Russia: 'Time to open border' with North Korea says host
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US intelligence claims Russia has bought millions of pounds worth of weapons from North Korea. Exactly what Moscow has purchased remains unclear, but a US intelligence official said the deal comes as “the Russian military continues to suffer from severe supply shortages in Ukraine, due in part to export controls and sanctions”. The claims were first reported by the New York Times.
North Korea has sided with Vladimir Putin since Russia invaded Ukraine. Pyongyang’s leader, Kim Jong-un, has blamed the US for the conflict.
The country also recognises Donetsk and Luhansk as independent republics after the Kremlin declared them as such in February.
But experts have also claimed Russia’s invasion of Ukraine has only reinforced North Korea’s reservations about surrendering its nuclear weapons.
In March, a high-ranking North Korean official even said Ukraine wouldn’t have been invaded if it had held on to its nuclear weapons.
This was reported at the time by Daily NK, a newspaper with sources inside the country.
It said: “Since Russia’s invasion of Ukraine, more and more party cadres in North Korea say Pyongyang can never abandon its nuclear weapons.
“North Korea is apparently growing more attached to its nuclear arsenal since the crisis in Ukraine.
“The consensus among high-ranking North Korean cadres is that the Ukraine crisis began when Kyiv abandoned its nuclear arsenal.”
Lee Yang-goo, the former South Korean ambassador to Ukraine, also said at the time that the invasion of Ukraine will damage US hopes of persuading North Korea to denuclearise.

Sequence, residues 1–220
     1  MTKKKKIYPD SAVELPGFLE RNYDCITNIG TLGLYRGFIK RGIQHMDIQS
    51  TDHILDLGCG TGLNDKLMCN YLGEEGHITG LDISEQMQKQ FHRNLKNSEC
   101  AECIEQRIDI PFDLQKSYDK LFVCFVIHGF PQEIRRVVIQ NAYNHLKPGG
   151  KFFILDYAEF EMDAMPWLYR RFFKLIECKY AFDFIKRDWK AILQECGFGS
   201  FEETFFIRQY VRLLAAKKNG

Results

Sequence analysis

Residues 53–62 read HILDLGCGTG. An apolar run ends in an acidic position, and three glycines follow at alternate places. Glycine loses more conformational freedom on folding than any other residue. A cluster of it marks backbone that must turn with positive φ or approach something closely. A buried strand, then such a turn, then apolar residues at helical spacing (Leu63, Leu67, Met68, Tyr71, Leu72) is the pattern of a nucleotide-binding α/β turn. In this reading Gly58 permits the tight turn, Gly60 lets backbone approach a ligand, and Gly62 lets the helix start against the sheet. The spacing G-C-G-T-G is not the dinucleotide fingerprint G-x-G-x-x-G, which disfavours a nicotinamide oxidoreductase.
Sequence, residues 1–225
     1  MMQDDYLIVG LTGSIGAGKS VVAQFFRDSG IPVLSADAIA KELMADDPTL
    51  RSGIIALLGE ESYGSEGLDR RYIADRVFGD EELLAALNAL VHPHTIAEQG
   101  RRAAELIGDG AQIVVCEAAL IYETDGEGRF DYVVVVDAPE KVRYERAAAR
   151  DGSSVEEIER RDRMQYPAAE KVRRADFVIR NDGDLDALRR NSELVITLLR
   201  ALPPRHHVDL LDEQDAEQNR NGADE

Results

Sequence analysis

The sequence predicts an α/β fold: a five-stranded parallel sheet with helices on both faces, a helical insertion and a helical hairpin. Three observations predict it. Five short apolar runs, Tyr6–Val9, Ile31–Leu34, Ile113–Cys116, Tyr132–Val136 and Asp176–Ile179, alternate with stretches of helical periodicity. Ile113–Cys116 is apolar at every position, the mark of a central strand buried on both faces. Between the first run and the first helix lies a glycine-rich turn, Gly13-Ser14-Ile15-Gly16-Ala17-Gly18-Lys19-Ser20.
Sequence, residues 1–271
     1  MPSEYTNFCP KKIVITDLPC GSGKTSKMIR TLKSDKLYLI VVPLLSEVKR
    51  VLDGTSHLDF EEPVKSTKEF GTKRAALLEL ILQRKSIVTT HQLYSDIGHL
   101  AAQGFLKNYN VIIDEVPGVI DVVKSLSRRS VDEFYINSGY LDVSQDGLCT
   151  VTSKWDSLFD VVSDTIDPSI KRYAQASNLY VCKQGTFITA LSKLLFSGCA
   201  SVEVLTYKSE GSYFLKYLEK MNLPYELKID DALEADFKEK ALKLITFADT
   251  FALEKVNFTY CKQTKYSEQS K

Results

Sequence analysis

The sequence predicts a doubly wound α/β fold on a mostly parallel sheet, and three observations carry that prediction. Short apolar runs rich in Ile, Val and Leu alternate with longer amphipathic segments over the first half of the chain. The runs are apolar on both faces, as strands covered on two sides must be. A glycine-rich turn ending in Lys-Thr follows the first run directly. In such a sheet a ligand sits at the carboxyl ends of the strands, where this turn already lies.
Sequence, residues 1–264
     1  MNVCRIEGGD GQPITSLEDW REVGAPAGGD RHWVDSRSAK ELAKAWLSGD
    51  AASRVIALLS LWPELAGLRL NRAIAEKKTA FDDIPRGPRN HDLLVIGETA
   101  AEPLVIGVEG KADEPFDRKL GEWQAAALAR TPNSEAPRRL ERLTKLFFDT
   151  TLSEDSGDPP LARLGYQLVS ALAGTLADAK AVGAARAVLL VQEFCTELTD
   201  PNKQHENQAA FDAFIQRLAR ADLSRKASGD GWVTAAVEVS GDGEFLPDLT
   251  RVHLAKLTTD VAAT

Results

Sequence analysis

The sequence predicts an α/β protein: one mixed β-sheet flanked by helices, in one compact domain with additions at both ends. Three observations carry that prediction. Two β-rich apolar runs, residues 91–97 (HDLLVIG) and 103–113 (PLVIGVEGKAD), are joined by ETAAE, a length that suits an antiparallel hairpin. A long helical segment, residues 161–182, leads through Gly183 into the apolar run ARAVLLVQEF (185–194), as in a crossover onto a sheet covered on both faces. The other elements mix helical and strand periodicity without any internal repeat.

Speaking to NK News, a specialist publication focusing on the secretive state, he said: “North Korea already did not have much willingness to denuclearise.
“But looking at the graphic scenes coming out of Ukraine, Pyongyang will further solidify their internal and external justification for possessing nuclear weapons.
“Now, after this crisis, it will be difficult for any country to make a denuclearisation pitch to North Korea.
“North Koreans think that nuclear weapons are the absolute saviour of the country.”
In March, North Korea was just one of four countries to vote against a United Nations resolution condemning the invasion of Ukraine.
Chris Ogden, a senior lecturer in the School of International Relations at the University of St Andrews, told The Mirror at the time this decision was less out of hatred for Ukraine, but more because of Pyongyang’s hopes to build stronger relations with Moscow.
He said: “I am not sure if Pyongyang has any reason to openly scorn Ukraine.
“I think that these statements are more about maintaining some linkages with Moscow and doing its best to maintain these relations.
“In this sense, Ukraine could be any other country in the region.
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“What matters more to North Korea is to support Russia and to couch this support in terms of ongoing western imperialism as a threat to Russia’s national sovereignty – which Pyongyang also fears.”
The curious relationship between Russian President Vladimir Putin and Kim Jong-un was evident last month when they exchanged letters.
Putin’s letter suggested the pair work to “expand the comprehensive and constructive bilateral relations with common efforts”.
Kim replied, hailing Russia and North Korea relations, adding the “strategic and tactical cooperation, support and solidarity” has only strengthened.
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